As an aficionado of video games, I enjoy displaying my hobby to others in the form of clothing. I particularly like t-shirts that have gaming-related characters or logos. And while I’m not bashful (I will rock a “Super Meat Boy”-face t-shirt loud and proud), I generally prefer shirts that are stylish and unobtrusive.
Many families have traditions of friendly mythical beings that visit the house on special occasions to impart treats to children. Common folklore includes Santa Claus, The Easter Bunny, and The Tooth Fairy.
Parents pretend that these ‘people’ exist for a variety of reasons. Many parents like to “keep the magic” of the tradition alive because their parents did them and they remember them as fun. Personally, I’m a bit of a buzzkill when it comes to these traditions. But there is one tradition I kept for both of my children, The Tooth Monster.
What’s in the Box?
Inside the well-designed package (I love the packaging on high-end tech devices) is:
- The Razer Atrox controller
- A joystick ball top
- A joystick bat top
- A 4 m/ 13 ft. braided USB cable
- 2 Razer logo stickers
- The manual, a welcome card, who cares let’s hook this thing up!
The internet is a wonderful and horrible place, and I have long felt compelled to make my mark on it (hopefully for the better). I used to have a Geocities site. I took a class in community college where I learned the fundamentals of HTML. I still have my copy of HTML Goodies, which was a fantastic reference book in its time for newbies like me.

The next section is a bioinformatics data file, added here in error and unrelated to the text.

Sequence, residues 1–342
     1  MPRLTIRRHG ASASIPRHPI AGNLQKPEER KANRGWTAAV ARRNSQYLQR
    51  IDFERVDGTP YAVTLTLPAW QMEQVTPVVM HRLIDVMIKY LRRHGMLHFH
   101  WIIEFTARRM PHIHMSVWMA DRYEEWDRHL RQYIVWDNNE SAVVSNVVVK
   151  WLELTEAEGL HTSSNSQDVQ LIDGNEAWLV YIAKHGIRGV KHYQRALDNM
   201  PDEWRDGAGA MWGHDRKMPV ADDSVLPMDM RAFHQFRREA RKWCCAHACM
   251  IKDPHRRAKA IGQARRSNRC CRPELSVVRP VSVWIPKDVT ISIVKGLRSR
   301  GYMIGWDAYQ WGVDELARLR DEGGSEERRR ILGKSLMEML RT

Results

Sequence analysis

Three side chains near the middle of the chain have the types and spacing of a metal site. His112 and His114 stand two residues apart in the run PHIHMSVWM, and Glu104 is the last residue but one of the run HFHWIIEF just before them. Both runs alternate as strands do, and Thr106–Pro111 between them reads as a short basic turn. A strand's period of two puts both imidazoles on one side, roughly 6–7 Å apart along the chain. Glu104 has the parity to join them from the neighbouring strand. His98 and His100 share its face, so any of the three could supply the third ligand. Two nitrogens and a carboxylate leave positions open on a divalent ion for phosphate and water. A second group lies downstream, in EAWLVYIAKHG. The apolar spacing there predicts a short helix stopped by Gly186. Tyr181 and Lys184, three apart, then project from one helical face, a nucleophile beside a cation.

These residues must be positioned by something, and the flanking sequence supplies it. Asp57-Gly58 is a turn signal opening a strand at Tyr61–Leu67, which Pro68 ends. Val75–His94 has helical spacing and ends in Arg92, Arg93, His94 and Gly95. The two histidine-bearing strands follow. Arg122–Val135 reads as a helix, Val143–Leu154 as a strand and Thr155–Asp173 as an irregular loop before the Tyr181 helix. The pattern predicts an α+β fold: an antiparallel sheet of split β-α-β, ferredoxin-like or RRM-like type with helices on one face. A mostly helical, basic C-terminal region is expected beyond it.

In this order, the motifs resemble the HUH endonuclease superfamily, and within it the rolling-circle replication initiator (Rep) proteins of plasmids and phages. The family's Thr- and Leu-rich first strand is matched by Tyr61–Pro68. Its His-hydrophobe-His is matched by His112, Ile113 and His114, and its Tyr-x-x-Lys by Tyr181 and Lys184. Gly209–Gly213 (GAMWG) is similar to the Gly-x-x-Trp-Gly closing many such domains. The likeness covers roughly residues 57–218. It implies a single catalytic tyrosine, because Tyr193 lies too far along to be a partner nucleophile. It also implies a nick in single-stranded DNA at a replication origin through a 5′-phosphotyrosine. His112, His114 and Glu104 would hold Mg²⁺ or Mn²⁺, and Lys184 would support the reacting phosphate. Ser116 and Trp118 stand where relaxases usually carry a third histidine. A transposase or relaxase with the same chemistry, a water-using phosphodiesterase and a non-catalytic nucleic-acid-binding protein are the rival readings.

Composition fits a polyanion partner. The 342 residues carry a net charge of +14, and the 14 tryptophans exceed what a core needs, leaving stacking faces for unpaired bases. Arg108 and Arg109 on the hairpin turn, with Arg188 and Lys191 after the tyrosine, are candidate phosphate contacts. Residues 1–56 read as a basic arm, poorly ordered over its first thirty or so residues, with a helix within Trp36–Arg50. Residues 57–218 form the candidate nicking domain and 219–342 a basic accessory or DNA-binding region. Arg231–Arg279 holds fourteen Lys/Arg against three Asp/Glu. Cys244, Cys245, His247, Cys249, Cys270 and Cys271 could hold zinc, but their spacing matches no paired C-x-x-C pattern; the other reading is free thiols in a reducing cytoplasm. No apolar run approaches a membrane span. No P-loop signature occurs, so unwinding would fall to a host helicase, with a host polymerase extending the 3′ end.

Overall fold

Every few years, I feel the urge to dive into creating websites again. This very site is the result of one such urge. Nowadays, anyone with an internet connection can build a website using WordPress or another content management system (CMS). You can download themes and change colors and fonts. But what if you want to go deeper? You are going to need some training. And thankfully, in this age of technology, there are resources for learning web development, just like Codecademy.
What is “toxic”
What does it mean to be a toxic community? In multiplayer online video games you are bound to play against some trash-talkers. There is trash talk in physical sports, e-sports, regular life. Some people just talk trash, but they might still respect their opponent and their team. Judging a community’s toxicity is not a science, it’s more of a “feel”. When I play Titanfall 2 online, most people aren’t using voice chat, but when they are, it’s largely not “hate speech” and vitriol. So if I were to judge the Titanfall 2 community, at least on Xbox One, I would say that is not toxic, but also not especially helpful. That’s just how it “feels” to me, and your mileage may vary.
A “toxic” game on the other hand has an apparently plentiful stock of players who have zero respect for others, and they blissfully display this disregard in voice chat, text chat, and private messages. (Thanks for letting me know how “trash” I am through an Xbox Live message. The win wasn’t enough, you have to kick a guy when he’s down?) Continue reading